During Promulgation Ceremony of the Malaysian Youth Statement on Climate Change towards COP21, I met Winnie from Jaringan Orang Asli SeMalaysia (JOAS) or The Indigenous Peoples Network of Malaysia. JOAS is the umbrella network for 21 community-based non-governmental organisations that have indigenous peoples’ issues as the focus. As the focal point for indigenous rights and advocacy in Malaysia, JOAS provides the indigenous communities with representation not just nationally, but regionally and internationally as well.
From chatting with her, I found out that she will be going to COP21 too, as a representative of JOAS. Hence, we stay connected via whatsapp prior to the trip so that my team and I could contact her or we could take care of each other in Paris in case of any emergency. After all, there is no harm in making more friends.
Before we depart to Paris, she contacted me for assistance in helping her in her Sumazau Dance performance during Asia Day on 9 December 2015 (Wednesday). Sumazau dance is a popular traditional folk dance of the Kadazan Dusun in Sabah. It is often performed during the harvest festival celebration every May. I cannot find a reason why I should reject her offer, so I informed the team and they agreed to help out too. Deep in my heart, I was so excited because this will be my first ever dance performance and it will held at Paris.
During COP21, Emily and I met her on Monday (the same week as Asia Day) to learn the dance at Indigenous People Pavilion located in the Climate Generation Spaces (Green Zone) in Le Bourget. For your information, green zone is one of the officiate zone by COP21 that open to both public and accredited persons. It provides a huge space for debates, knowledge-sharing, discussions and conviviality. The IP pavilion will be focusing on indigenous people from Asia to showcase their cultures, ways of life and knowledge that provide solutions to climate change.
While learning the dance, Winnie explained to me that the dance was inspired by eagle flying patterns, symbolising freedom. For a first timer like me, the dance was not as hard as I expected as some of the moves are repetitive.
Asia Day was held on Wednesday with a variety of programme from morning till evening. Winnie was one the speakers for the panel discussion on Indigenous Peoples’ Contribution to Climate Change. She shared successful environmentally- friendly initiatives such as micro-hydro and community-led fisheries management system. The dance was arranged at the end of the programme which is “Asia Reception and Cultural Night”. Normally when I hear about cultural night, my first thought is that I can try food from different regions. My dream did come true and I will explain in a while.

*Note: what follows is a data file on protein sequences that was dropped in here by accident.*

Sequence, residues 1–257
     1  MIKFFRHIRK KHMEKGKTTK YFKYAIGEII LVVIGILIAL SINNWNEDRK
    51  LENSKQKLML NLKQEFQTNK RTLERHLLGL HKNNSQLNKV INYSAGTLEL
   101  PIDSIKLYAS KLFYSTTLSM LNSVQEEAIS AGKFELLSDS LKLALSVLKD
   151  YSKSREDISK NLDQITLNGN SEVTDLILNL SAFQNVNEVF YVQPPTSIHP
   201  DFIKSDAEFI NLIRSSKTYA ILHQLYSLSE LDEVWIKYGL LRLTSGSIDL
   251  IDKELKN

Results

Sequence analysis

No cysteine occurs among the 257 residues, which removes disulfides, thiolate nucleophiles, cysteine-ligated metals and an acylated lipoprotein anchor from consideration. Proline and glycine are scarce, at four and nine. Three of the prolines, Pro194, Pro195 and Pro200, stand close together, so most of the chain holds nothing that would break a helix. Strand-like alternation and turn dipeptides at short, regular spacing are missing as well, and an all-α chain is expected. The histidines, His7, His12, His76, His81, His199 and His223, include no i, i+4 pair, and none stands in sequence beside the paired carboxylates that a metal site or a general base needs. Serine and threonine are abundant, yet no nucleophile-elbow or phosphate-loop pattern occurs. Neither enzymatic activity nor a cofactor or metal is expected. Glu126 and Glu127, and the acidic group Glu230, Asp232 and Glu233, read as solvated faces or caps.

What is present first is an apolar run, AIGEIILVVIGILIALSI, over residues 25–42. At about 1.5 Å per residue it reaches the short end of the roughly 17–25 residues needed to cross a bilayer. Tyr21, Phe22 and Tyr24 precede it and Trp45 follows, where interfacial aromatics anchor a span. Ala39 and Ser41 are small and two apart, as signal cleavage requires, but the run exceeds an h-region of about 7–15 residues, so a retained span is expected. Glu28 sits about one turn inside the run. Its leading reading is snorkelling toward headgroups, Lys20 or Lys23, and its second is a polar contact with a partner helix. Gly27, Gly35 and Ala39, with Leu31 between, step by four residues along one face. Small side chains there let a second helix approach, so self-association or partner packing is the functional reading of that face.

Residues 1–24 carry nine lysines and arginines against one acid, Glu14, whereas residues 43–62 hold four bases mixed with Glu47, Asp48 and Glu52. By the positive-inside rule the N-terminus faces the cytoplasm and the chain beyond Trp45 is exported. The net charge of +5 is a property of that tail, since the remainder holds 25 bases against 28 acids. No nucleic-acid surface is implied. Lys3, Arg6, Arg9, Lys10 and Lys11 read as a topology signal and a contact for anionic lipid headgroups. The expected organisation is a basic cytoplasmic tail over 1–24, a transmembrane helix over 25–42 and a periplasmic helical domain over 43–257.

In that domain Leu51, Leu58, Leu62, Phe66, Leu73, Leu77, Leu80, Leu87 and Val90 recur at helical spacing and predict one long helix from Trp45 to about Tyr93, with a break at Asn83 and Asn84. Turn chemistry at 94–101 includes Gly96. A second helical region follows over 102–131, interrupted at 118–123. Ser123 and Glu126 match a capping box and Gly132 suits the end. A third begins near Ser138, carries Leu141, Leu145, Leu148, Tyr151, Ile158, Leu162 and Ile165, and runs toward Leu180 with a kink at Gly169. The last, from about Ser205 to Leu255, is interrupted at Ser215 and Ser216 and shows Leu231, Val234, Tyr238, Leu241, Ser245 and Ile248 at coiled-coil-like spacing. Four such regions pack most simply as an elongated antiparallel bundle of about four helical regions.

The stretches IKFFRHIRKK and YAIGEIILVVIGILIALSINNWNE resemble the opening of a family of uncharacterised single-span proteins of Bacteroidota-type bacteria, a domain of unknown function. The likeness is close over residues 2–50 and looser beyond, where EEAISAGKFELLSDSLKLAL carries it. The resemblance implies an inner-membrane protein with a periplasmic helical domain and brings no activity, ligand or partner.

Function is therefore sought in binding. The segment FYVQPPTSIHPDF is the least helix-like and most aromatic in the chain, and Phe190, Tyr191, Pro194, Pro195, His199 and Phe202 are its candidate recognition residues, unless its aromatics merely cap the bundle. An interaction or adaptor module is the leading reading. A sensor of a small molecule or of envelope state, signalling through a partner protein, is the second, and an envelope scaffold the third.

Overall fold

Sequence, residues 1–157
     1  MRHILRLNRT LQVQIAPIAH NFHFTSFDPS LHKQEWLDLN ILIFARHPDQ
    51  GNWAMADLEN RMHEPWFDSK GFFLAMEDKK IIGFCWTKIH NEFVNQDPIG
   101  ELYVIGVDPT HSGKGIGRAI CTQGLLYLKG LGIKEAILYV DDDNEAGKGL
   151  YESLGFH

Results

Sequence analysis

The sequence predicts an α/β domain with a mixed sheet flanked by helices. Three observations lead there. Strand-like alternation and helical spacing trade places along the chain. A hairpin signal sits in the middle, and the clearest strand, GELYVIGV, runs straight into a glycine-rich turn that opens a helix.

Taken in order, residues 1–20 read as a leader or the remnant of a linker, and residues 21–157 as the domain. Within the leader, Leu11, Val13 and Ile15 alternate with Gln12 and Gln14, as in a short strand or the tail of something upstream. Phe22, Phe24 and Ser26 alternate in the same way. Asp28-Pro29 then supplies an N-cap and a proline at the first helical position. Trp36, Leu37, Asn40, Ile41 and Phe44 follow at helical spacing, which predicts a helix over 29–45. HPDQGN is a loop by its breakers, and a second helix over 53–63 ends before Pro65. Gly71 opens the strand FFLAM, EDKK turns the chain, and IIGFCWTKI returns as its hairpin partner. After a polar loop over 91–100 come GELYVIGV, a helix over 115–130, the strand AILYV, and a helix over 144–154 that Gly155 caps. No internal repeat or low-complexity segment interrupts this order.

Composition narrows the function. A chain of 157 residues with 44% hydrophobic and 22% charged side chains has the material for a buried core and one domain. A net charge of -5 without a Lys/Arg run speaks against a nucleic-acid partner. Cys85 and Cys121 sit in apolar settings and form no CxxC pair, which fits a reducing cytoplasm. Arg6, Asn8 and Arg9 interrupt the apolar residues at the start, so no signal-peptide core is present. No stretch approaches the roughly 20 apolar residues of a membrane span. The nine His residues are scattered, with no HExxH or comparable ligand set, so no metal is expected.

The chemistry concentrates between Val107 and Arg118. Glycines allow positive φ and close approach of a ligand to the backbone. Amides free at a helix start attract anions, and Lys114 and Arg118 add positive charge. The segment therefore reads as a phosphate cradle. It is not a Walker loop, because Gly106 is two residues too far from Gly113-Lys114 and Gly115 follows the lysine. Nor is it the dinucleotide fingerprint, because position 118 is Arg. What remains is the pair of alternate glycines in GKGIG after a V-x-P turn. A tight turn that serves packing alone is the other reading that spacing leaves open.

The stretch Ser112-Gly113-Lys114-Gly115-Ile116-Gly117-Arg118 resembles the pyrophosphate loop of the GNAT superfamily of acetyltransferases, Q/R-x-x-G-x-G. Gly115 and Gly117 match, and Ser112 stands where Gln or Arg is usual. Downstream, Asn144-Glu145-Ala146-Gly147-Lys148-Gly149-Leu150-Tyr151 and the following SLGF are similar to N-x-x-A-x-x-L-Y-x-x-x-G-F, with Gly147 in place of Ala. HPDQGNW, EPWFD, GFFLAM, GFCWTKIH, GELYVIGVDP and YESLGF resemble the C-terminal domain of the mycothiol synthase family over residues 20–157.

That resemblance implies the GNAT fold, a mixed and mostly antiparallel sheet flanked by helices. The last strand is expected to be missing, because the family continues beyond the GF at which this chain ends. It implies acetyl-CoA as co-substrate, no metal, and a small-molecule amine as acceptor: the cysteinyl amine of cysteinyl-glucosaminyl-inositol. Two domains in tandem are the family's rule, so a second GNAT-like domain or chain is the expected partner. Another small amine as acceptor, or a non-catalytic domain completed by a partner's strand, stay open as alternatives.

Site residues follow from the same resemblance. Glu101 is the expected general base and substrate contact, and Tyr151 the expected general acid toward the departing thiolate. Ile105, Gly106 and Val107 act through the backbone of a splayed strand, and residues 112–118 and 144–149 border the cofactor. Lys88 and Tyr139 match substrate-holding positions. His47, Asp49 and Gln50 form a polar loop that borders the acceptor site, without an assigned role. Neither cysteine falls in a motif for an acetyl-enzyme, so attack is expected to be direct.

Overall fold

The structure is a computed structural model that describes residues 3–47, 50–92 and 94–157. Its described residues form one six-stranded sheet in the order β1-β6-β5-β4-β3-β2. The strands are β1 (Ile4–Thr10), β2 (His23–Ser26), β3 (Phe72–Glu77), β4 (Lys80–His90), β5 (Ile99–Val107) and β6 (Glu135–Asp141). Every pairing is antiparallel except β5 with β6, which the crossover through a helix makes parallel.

My team and I arrived in the late afternoon for rehearsal. We met a youth delegate from Taiwan when we were walking from Blue Zone and he joined us for the dance performance as well. *applause*. Since the team is completed now, a clearer picture of the dance move can be seen. Still, practices makes perfect. After a few round of rehearsals, we were confident that we will be able to deliver the dance smoothly.
The cultural night was packed with a few traditional dance performances by indigenous people in Asia regions such as Mongolia, Indonesia, Vietnam and Bhutan. Each of the performance was unique and impressive. Our performance, the Sumazau Dance is arranged at the closing of the event. As a result, everyone, including the audiences and other indigenous people started to dance together with us. At first, I was very nervous but after a while I felt nothing but joy. That moment had indeed became one of my emotional anchors from now on.
As mentioned above, cultural night is normally linked with food. Yeap, traditional food from different Asian regions were served after the performances ended. To name a few, there were momo (dumplings) from Nepal, Hivana (Fish salad) from Malaysia, Salad Tea Leaves from Myanmar and Dim Sum. All of them taste really delicious. That made me felt a sudden pang of homesickness. I miss char kuey tiao, satay, laksa and bak kut teh back in Malaysia.
After the meal, we headed back to Blue Zone to attend Comite de Paris.
Written by: Thomas Lai
Edited by: Merryn Choong